Camille Palmer (left), associate professor of nuclear science and engineering, is a co-principle investigator, along with two cybersecurity experts at Oregon State, on a new Nuclear Regulatory Commission grant to develop methods for ensuring nuclear reactors are safe from hackers.
Photographer: Hannah O’Leary

Engineering researchers at Oregon State University are collaborating on a new project to help protect the nation’s nuclear power plants from a possible cyberattack.

The three-year project, funded with a $500,000 grant from the Nuclear Regulatory Commission, will develop tools and frameworks for assessing the cybersecurity of nuclear plant control systems, enabling nuclear specialists to predict, via computer simulation, the impact of a potential cyberattack on a nuclear plant.

“The unlikely, but plausible, event of a cyberattack on a nuclear facility could be disastrous,” said Camille Palmer, associate professor of nuclear science and engineering, who is principal investigator on the project. “It is imperative that the nuclear industry understand and have a methodology to quantify this risk, so as to best protect critical assets at the plant and ensure safety.”

Palmer, whose professional interests emphasize international nuclear security and nonproliferation, is joined on the project by two cybersecurity experts as co-PIs. Rakesh Bobba, associate professor of electrical and computer engineering, specializes in the design of secure and trustworthy networked and distributed computer systems, with an emphasis in cyber-physical critical infrastructures. Yeongjin Jang, assistant professor of computer science, focuses on computer systems security, especially for identifying and analyzing emerging attacks.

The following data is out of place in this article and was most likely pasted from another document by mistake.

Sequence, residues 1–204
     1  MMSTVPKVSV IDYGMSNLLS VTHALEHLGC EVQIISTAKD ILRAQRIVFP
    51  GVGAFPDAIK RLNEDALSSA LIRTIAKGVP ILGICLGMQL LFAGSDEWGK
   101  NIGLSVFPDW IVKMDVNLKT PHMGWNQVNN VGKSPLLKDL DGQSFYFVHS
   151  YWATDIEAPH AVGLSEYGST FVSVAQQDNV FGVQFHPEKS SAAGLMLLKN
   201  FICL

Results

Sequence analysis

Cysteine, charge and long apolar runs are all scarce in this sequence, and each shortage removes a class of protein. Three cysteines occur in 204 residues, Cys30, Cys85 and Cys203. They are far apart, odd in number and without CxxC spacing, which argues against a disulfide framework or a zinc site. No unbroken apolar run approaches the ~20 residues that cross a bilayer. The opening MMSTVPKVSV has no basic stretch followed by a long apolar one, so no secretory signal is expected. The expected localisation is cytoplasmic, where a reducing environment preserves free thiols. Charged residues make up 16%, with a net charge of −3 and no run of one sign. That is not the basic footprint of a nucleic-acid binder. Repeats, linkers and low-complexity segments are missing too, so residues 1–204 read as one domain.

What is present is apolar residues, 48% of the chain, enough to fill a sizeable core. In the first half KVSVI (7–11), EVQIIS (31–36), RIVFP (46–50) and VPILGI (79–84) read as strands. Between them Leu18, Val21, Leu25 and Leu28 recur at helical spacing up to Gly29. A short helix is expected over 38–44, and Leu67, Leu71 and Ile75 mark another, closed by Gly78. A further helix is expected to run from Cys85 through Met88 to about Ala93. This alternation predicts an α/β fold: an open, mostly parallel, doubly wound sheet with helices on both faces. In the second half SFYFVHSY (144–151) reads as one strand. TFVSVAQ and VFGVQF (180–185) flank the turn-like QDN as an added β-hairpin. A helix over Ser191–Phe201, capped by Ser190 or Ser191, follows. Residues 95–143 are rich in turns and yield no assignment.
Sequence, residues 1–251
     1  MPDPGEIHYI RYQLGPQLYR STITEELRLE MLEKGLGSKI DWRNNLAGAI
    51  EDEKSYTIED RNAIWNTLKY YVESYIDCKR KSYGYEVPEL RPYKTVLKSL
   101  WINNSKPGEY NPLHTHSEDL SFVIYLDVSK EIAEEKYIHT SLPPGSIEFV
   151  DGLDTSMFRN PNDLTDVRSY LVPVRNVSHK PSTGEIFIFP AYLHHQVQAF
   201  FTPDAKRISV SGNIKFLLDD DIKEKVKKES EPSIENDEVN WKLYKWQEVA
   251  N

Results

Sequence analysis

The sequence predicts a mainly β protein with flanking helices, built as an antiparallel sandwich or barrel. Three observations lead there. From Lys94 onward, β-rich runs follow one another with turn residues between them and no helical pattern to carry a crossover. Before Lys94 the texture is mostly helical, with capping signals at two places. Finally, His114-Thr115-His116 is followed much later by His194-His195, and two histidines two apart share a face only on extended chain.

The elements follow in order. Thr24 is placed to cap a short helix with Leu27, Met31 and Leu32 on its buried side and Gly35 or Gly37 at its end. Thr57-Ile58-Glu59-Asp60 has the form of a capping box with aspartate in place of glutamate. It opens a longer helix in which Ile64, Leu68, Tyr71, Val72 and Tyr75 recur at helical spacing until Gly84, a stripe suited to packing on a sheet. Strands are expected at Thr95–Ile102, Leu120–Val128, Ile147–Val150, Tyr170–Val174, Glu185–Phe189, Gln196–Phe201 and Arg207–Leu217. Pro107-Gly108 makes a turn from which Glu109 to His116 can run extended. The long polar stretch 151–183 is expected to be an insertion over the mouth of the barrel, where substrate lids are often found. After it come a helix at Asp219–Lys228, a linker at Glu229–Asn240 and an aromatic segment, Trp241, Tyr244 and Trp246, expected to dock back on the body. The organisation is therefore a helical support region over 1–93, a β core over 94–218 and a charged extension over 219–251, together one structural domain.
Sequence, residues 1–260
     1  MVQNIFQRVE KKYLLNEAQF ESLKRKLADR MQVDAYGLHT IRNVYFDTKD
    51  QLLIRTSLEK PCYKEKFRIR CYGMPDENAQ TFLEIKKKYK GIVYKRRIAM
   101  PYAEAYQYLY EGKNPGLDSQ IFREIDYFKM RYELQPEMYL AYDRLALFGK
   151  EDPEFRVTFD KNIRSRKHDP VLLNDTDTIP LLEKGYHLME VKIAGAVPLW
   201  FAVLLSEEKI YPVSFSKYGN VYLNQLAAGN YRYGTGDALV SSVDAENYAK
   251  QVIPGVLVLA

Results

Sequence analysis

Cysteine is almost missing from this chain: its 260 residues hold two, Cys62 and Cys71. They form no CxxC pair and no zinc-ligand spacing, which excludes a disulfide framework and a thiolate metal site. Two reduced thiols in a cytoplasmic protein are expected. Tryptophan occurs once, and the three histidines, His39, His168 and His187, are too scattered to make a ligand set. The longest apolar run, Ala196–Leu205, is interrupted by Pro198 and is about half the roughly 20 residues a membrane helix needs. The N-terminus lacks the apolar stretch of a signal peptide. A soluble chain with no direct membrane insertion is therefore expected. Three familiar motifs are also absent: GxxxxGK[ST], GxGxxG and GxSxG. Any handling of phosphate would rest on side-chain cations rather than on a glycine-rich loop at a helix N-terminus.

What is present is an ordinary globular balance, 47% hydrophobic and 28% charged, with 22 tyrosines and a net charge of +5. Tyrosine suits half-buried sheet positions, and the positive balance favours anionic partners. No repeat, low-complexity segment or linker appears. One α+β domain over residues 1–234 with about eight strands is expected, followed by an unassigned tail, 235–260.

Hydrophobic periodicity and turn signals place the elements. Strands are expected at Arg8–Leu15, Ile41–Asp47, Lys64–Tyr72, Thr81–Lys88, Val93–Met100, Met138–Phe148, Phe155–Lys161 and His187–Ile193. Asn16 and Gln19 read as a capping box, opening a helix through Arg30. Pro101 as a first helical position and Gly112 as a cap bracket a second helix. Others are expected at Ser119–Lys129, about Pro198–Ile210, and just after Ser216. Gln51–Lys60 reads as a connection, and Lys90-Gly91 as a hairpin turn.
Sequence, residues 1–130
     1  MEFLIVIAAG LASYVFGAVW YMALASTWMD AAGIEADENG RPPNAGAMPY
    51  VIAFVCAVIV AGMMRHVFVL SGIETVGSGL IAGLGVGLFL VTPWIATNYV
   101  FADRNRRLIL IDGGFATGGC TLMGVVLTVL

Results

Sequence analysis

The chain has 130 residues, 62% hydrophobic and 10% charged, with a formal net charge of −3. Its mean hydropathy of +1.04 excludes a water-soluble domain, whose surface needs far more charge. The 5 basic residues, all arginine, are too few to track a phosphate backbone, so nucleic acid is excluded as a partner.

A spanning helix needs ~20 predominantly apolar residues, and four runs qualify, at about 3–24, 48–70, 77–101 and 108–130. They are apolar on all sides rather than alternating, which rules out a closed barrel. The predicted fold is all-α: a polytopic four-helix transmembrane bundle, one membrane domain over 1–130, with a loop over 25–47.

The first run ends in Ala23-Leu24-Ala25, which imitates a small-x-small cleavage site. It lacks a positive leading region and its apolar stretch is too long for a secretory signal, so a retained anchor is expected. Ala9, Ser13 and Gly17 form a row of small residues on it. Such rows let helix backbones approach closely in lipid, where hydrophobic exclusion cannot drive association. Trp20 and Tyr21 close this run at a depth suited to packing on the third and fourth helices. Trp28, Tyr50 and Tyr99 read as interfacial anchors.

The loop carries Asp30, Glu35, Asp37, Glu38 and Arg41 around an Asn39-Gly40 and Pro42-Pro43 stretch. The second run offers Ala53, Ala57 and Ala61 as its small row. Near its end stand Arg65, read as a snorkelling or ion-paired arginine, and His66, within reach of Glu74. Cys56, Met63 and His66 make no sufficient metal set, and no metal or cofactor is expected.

In recent years, cyberattacks involving malicious software — such as the Stuxnet worm thought to have crippled Iranian nuclear facilities in 2009 — have demonstrated the ability to target industrial control systems, even where facilities are protected by multiple layers of security and are on an isolated network. Those control systems are similar in nature to those used in nuclear facilities.

“With the increasing adoption of digital instrumentation, control and communication systems, it is vital to understand the interdependencies between the cyber infrastructure in nuclear control systems and the underlying physical plant operations,” Bobba said. “Critically, we need to establish a risk-based methodology to assess the impact of vulnerabilities and cyberattacks on such control systems.” 

The Oregon State research will employ what is known as dynamic probabilistic risk assessment — an established methodology for simulating a physical scenario that develops over time – in this case a cyber-attack. To this end, the team will analyze the dependencies between the cyber and physical systems, as well as identify potential attack paths. The research will link cybersecurity threat models with RELAP5-3D, a nuclear power plant simulator developed at Idaho National Laboratory for reactor safety analysis. 

This grant is the first externally funded collaboration at Oregon State spanning the two engineering disciplines in the emerging field of nuclear cybersecurity. Palmer says the collaborative aspect of the work is particularly appealing to her.

“The NRC is working to quantify a risk-informed approach to regulating the nuclear industry to prevent and protect against cyberattacks,” Palmer said. “This project integrates expertise across the College of Engineering to link cybersecurity threat models with state-of-the-art simulation tools. The research will provide risk-informed security metrics through understanding of cyber risks and vulnerabilities associated with nuclear plant instrumentation and control.”